Biohacking (and some thoughts on gold)

by JDH on December 7, 2013

As I read MetalMeister‘s comments on the Buy High Sell Higher Forum about grounding, I pondered my own experience as a bio-hacker.


Sorry, time for another rambling, disjointed, rant about nothing, but don’t worry, I’ll get around to gold shortly.  But first, some definitions:

“Grounding” or “earthing” is based on the notion that the earth emits a natural magnetic frequency that assists with our circadian rhythm, hormonal cycles, and absorption of negatively charged free electrons.  It’s not a crazy notion.  Obviously the earth has magnetic poles, and it’s not a stretch to assume that humans have evolved to adapt to their environment.  The theory goes that you should absorb the earth’s energy by walking barefoot, outside, on the earth, as much as possible.  Go the beach, walk around your backyard, whatever.  Makes sense, costs nothing, and if it doesn’t work, what’s the downside?  Here’s a good post that talks about sleep and grounding.

I have heard about grounding, and during the summer I do go barefoot in my yard.  Does it work?  I have no idea, but I try things like that because I’m a “bio-hacker”.  A bio-hacker is similar to a computer hacker, except instead of hacking computer systems, I’m hacking the human body.  More specifically, I’m hacking my own body, looking for areas for improvement.

I experiment with different diets. In my case I find if I eat a high fat diet (olives, avocados, eggs, etc.) I can maintain my weight and energy levels much better than on a traditional high carbohydrate diet (grains, sugars, etc.).  I’m not religious about it; I still enjoy my home-made-cooked-on-the-barbecue pizza with red wine every Friday night, but I also do not frequent fast food joints.  It’s a balance.  I have bio-hacked my body to determine what works best for me.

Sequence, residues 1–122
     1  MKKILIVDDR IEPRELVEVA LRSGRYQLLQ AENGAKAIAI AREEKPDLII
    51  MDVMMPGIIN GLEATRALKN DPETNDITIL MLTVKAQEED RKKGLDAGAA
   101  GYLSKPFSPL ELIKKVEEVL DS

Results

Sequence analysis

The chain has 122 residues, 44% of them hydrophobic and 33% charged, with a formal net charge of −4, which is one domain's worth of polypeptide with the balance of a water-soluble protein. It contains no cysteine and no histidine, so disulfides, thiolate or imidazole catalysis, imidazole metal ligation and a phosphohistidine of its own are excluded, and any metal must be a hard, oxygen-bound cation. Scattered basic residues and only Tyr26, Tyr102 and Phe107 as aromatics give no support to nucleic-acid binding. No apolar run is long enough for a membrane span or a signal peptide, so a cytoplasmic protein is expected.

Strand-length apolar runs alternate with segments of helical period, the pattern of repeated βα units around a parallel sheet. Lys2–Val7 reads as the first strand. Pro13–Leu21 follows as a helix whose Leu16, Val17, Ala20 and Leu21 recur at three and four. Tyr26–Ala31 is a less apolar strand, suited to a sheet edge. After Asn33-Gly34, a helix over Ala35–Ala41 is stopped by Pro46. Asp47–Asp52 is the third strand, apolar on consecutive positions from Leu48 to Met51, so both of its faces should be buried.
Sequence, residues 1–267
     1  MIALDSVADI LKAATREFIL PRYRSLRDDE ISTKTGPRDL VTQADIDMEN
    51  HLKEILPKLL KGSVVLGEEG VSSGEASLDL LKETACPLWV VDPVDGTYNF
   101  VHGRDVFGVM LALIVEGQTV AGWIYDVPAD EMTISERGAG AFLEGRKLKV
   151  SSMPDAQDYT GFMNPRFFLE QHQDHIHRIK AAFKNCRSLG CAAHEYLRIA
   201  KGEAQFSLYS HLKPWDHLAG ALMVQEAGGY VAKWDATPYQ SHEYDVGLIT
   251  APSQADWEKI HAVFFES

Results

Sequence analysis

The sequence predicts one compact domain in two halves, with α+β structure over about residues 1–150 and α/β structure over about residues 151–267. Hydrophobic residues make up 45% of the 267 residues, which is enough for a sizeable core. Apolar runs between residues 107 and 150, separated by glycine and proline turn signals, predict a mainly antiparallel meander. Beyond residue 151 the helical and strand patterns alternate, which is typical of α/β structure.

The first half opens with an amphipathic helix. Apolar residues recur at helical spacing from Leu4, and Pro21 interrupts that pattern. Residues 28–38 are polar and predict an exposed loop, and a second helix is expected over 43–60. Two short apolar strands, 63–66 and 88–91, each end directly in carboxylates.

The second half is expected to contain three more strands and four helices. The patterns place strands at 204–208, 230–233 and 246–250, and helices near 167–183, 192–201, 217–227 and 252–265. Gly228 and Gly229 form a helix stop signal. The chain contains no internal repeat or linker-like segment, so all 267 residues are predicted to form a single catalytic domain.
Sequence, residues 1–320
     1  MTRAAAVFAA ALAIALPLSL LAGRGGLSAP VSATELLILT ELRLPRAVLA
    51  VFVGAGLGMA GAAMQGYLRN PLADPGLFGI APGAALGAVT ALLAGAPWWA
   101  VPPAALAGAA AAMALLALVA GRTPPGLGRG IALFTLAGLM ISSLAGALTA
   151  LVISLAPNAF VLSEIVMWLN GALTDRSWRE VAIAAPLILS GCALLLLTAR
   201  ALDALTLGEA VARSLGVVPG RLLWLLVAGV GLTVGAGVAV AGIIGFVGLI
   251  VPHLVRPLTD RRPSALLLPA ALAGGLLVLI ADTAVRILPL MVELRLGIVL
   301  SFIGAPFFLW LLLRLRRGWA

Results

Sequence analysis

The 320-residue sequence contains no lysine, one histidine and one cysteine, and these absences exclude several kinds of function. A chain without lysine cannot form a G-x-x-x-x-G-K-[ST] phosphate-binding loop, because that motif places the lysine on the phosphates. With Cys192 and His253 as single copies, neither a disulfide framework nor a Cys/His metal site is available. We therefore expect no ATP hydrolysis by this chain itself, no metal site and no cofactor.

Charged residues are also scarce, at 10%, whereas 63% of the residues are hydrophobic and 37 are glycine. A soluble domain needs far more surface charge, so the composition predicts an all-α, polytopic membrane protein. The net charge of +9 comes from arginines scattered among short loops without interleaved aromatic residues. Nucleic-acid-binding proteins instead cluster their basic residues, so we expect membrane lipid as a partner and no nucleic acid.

Another example: in Canada, to get blood tests, you need a doctor’s requisition, because health care is government controlled and paid for.  So, whenever I travel to the USA, I order my own blood tests, such as the 10 Most Important Tests from Direct Labs, which I use to confirm that my basic markers of health are where they should be.  In Canada I can’t order tests on my own, because the government believes they know better than me what I should be doing with my health.

A final example: two weeks ago I did the 23 and me spit test.  You spit in a container, ship it off to them, and for $99 they give you a print out of dozens of your genetic markers (because your saliva contains your DNA).  It’s a cool test, because if you are genetically pre-disposed to diabetes, or breast cancer, or whatever, you can take steps to mitigate the damage.

Of course genetics only accounts for a fraction of the risk of getting any particular disease (less than 25% in most cases).  Genetics notwithstanding, eating a high sugar diet and not getting adequate exercise increases your risk of diabetes.  Doing the opposite reduces your risk.

Unfortunately, about three days after I sent in my test kit, the FDA told 23andme to stop marketing their services.  After much consideration, 23andme agreed.

It would appear that the FDA’s reasoning went something like this: